My wife, Nicola, reminded me the other day that while we don't think of each other every moment of the day, it does not mean that we have any less affection and love for each other than when we do. Love is not a matter of obsessively thinking about the other person, it is more carrying that person with you in all that you do, not doing things that would harm that relationship but things that grow it and look after it as we go about our daily activities.
I hear too often phrases like "I can't find any time to be with God" or "I haven't any time to pray". Expressing perhaps an understanding that being with God or finding time to pray means always setting ourselves apart, going somewhere quiet and being with God. There is a place for the quiet time with God, the time of devotional reading and prayer, being with him in that one on one way. But we can end up beating ourselves up over it and feeling that we are really not very good Christians if this is the only way we think of prayer and being with God.
I recall in my busyness when in the Software industry, working long hours, traveling, dealing with time zone changes etc., that sometimes I felt disconnected from church and friends, but then a phone call, a chat on skype or MSN, a few emails, a look at the photo I carried of my wife and children and I was connected again. Little things reminded me of friends and family.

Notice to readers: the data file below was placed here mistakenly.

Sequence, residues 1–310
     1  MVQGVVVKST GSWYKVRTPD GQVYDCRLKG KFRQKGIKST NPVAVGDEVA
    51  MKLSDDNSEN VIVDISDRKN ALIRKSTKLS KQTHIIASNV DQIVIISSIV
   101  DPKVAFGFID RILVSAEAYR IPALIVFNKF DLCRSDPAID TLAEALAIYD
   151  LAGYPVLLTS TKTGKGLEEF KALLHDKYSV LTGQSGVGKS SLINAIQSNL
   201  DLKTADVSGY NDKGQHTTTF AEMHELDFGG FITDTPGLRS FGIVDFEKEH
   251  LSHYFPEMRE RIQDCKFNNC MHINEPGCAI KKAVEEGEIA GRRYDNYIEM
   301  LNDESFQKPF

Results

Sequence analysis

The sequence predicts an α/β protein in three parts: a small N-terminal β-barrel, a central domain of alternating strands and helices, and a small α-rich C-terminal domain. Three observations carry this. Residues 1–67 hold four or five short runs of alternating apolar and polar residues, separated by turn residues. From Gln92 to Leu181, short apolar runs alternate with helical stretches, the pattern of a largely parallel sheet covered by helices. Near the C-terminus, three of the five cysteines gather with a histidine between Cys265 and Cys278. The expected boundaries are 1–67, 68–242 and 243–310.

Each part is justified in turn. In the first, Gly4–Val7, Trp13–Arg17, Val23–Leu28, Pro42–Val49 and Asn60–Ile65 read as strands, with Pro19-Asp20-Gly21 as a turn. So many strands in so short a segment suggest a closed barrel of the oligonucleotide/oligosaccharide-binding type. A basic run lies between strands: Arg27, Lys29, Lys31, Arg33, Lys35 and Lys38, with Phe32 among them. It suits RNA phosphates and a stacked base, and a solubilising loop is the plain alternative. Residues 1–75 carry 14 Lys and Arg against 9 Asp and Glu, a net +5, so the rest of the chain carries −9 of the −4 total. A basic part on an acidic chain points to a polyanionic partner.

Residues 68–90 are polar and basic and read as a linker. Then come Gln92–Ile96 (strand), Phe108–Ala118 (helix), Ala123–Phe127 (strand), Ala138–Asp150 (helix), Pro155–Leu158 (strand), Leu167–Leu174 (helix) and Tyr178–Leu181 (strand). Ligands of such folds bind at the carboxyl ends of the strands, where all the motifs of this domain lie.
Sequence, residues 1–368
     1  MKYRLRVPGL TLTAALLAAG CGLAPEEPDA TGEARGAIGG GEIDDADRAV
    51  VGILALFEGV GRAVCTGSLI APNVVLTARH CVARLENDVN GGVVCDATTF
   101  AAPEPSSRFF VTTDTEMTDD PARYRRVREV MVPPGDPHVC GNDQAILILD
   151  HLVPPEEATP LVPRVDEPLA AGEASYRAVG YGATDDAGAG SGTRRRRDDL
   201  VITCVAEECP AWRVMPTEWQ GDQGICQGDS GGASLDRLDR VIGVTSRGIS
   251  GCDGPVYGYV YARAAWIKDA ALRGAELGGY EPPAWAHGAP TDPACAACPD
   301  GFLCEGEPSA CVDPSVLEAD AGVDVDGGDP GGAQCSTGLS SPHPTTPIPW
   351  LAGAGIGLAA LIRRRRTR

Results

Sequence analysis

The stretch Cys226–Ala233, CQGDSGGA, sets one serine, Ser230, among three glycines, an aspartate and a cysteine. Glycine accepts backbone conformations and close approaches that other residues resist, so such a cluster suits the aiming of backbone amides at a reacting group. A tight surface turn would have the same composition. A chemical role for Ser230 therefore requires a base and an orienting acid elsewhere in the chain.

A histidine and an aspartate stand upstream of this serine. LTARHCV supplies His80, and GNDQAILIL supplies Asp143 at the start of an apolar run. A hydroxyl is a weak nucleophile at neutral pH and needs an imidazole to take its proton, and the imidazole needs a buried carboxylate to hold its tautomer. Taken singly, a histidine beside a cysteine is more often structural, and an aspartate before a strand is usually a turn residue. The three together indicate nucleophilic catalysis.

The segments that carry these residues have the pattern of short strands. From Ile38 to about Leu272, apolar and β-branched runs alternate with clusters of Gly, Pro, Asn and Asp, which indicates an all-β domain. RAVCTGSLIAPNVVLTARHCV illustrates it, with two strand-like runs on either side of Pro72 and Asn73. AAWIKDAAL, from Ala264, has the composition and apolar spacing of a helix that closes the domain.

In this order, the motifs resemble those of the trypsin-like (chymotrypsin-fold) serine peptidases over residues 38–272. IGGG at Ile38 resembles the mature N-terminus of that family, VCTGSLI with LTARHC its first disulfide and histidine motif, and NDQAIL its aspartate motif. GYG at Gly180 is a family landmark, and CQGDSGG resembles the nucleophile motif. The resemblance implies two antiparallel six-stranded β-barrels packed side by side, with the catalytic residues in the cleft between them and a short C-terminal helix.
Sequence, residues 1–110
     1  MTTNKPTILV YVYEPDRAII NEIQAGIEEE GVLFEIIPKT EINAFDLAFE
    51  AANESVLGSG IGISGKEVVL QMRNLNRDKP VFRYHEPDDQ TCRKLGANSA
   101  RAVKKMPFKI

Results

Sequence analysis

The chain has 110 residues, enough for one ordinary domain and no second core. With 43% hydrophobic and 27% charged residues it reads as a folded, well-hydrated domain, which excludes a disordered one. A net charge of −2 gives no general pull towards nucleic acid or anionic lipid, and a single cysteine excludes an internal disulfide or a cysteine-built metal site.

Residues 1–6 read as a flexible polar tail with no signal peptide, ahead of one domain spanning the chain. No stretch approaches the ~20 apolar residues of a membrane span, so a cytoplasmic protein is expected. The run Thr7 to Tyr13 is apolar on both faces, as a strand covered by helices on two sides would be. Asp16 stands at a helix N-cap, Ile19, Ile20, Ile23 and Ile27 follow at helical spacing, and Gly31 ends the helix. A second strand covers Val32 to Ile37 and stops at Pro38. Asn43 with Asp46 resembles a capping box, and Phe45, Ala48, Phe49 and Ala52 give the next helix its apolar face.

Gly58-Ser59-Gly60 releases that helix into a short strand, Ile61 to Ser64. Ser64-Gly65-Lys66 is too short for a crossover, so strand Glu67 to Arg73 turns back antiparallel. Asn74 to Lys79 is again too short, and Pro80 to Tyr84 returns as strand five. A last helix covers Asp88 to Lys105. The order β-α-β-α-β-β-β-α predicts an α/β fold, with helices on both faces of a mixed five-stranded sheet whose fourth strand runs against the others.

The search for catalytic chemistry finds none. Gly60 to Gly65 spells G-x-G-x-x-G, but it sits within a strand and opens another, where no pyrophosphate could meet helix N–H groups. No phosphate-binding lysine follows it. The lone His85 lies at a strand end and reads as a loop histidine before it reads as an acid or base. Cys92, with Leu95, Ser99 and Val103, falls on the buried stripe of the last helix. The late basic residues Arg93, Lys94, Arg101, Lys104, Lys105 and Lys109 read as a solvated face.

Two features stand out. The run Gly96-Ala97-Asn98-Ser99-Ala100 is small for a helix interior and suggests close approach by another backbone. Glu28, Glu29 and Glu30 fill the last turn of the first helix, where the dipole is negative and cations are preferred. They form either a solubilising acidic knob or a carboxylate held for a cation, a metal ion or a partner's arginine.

On one occasion when looking out over Singapore one evening watching the lights from the 60th floor of an hotel, I reflected on all the things of the day. The everyday things, where I might have thought I had forgotten all about God but was in fact sharing my day with him. Remembering the short prayers before meetings or for a situation that had arisen, recognising the answers and guidance, which did not come from a booming voice or writing on the wall, but from applying godly principles in those daily, routine items.
A book I have been reading recently The Day is Yours by Ian Stackhouse (well worth a read), reminded me that even the daily chores, looking after a child, a sick person, doing the hoovering, washing up (or loading and unloading the dishwasher), cooking meals, going to meetings, talking to people ... all of these can be Spiritual things, if we are attentive to God as we go about them. As Ian says of the busy mother, "... even the kitchen can become Holy ground."